External Diploma Program (EDP)

What is the EDP?
The National External Diploma Program (NEDP) provides a unique way for adults to earn a high school diploma. The program allows adults to demonstrate their high school level skills by applying their life experiences in real-life situations. NEDP is not a traditional instructional program. Instead, it provides the opportunity for participants to demonstrate their skills and knowledge. Because NEDP participants are adults, the program structure offers considerable flexibility. Participants complete parts of the program at home and the other parts in a series of meetings on site with a trained advisor and assessor.

The program consists of two phases: the Diagnostic Phase and the Assessment Phase. In the Diagnostic Phase an NEDP advisor evaluates the participant’s basic skills in reading, writing, and mathematics, and the participant completes a survey of prior life experiences. In the Assessment phase, the participant demonstrates writing, speaking, mathematics, problem-solving, reading, and critical thinking skills through the performance of real-life tasks. Embedded in these real-life tasks are sixty-five individual competencies. A trained assessor determines that the participant has demonstrated each of these competencies with one hundred percent accuracy.  (adapted from the CASAS NEDP Website)

EDP Students would be expected to write a business letter, differentiate between fact, fiction and opinion in consumer ads, news articles and TV news shows; generate a cover letter and resume and assess personal characteristics and skills.  There are also tasks that require a student to calculate area and perimeter, find the percents for tips or interest on a loan, and interpret charts and graphs; investigate community resources, react to art/live performance. There are assignments that help a student demonstrate responsibility for ones own health, consider their relationship to the environment and the interconnectedness of the global economy, and rights and responsibilities of citizens.

Upon completion of these two phases, the participant is awarded a high school diploma through Seattle Central Community College.
Is there a fee for the EDP?  We ask students who are able, to pay $100 to help cover the cost of the materials.  This fee can be reduced or waived depending on eligibility. Students will also be required to pay a $25 registration fee for SCCC at the start of the program, and a $25 diploma fee upon completion.
How can I help a student prepare for the EDP?
In order to begin the EDP program, students must test at a High Intermediate Basic Education level (level 4) in their math skills and a Low Adult Secondary Education level (level 5) in their reading skills.  In addition, a student must be able to write a paragraph with minimal grammatical errors and be prepared to work on a series of independent tasks each week.  Instructors and tutors can target specific reading, writing, and math skills in order to help students get to the necessary level to begin the EDP.  You can also incorporate an emphasis on independent student work, topical research, life skills, interviewing skills, and analytical skills into your instruction in order to help your student succeed in the EDP.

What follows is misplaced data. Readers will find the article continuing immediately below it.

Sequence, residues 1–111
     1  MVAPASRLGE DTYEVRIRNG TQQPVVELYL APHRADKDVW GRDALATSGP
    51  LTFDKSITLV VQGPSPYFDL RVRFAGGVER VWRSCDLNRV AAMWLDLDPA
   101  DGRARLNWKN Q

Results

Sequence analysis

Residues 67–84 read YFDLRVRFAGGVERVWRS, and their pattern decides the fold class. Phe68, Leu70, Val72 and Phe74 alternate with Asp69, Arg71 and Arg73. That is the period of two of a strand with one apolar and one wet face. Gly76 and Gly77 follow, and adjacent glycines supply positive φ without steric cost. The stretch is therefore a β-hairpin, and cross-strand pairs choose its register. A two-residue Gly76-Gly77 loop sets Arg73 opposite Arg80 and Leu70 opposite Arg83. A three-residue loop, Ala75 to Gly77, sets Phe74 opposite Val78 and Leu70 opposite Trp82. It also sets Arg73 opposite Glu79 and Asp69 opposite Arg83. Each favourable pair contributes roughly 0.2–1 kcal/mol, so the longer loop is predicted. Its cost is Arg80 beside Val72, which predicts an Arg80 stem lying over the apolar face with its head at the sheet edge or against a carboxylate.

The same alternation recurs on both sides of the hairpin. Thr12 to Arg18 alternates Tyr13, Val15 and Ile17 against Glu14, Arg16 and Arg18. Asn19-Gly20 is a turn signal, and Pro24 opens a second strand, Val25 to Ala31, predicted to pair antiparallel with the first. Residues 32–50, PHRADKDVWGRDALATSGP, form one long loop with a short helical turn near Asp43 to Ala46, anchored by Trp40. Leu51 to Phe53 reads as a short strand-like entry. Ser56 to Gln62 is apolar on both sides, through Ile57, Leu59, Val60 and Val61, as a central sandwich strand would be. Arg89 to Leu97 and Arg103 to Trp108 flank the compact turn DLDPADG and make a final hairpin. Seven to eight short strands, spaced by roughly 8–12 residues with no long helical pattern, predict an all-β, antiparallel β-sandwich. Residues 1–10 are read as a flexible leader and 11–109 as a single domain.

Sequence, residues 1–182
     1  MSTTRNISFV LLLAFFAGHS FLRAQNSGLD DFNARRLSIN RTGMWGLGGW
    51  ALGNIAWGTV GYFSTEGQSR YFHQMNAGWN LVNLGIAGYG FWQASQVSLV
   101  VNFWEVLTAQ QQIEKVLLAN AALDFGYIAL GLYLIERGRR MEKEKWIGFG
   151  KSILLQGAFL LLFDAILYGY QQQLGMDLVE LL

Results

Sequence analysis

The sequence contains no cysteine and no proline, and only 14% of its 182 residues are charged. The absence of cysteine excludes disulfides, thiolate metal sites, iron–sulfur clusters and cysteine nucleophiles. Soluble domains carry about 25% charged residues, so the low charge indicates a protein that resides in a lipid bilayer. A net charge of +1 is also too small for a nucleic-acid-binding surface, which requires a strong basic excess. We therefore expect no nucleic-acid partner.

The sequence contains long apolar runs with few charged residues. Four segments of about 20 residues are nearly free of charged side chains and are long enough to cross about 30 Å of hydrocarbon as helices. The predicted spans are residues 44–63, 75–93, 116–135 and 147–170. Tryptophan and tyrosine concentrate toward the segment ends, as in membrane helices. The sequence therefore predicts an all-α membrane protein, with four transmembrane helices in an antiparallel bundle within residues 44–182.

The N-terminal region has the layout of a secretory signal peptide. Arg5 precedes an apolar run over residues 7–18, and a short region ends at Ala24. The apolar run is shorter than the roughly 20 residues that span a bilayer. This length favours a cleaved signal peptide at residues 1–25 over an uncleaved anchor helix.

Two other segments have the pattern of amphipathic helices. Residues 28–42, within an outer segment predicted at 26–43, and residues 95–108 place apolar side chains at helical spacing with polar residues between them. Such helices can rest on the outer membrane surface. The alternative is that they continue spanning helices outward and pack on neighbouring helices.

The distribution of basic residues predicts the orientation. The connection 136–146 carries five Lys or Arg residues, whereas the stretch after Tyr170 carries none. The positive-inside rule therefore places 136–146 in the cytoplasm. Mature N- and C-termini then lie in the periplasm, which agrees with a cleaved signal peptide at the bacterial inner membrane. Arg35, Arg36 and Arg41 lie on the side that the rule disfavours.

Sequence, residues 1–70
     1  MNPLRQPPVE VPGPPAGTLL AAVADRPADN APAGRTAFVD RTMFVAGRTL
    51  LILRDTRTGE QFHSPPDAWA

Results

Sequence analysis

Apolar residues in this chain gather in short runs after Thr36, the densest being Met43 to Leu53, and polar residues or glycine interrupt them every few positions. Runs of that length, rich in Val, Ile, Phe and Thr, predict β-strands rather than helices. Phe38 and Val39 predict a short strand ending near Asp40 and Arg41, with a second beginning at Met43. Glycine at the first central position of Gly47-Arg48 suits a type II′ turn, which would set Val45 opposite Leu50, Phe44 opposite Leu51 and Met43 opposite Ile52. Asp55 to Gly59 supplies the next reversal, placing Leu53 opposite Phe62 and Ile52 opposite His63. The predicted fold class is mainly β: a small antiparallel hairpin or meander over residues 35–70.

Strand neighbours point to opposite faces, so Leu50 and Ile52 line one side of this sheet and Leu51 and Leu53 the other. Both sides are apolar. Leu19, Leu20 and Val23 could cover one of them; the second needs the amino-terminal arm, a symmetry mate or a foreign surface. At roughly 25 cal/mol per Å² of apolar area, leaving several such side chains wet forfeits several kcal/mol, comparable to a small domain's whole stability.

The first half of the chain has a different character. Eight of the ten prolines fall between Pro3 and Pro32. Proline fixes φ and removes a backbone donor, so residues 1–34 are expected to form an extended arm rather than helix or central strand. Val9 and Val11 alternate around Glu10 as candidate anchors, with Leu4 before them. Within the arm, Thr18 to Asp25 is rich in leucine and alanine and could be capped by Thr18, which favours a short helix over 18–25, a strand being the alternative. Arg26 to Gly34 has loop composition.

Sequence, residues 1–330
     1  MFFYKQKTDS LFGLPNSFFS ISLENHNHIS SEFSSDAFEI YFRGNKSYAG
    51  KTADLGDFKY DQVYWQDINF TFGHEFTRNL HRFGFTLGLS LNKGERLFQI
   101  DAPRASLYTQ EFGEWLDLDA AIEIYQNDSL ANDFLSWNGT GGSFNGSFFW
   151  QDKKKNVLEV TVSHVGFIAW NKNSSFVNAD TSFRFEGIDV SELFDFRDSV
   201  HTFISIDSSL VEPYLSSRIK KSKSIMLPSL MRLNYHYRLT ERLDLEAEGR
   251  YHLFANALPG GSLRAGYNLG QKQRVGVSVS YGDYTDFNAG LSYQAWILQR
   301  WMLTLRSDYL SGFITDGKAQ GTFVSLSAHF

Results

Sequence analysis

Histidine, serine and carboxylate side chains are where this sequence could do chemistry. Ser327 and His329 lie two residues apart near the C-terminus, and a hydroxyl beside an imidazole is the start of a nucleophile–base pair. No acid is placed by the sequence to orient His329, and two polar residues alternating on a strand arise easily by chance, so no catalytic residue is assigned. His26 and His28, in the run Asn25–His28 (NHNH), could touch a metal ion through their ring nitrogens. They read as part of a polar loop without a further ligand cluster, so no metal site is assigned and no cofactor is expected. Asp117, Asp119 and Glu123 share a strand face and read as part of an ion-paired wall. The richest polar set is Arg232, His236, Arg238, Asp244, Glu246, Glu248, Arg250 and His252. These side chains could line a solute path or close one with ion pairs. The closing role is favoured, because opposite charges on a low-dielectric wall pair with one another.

How do I know when a student is ready for the EDP?
In order to begin the EDP, students must complete math and reading appraisals with a staff person.  Your student’s advisor can help determine if your student is ready to begin the EDP.
What kind of math skills do students use in the EDP?
The EDP tasks include basic math tasks such as word problems, calculating area and perimeter, and using percents and fractions.  Some math in the EDP program must be done without a calculator, so students should be prepared to do these things without using a calculator.
How do students choose between the EDP and GED? Is there an advantage of one over the other?
Proof of high school completion is necessary for entrance into college as well as most training or apprenticeship programs.  Students can take community college classes without a diploma or GED, as long as they pass the Compass test (link to test info), which is required.  However, students cannot receive financial aid without a diploma or GED. 

Students who are comfortable with standardized tests and who have high school level skills can often complete the GED quickly.  The EDP program can take more time, but students often find it more interesting than the GED because it encourages them to use their personal knowledge and skills. 

Because much of the EDP is done independently, students who pursue the EDP find that the program requires significant motivation and focus.  Students with a concrete goal (going to college, entering a training program, or getting a better job) are often more successful in completing the EDP.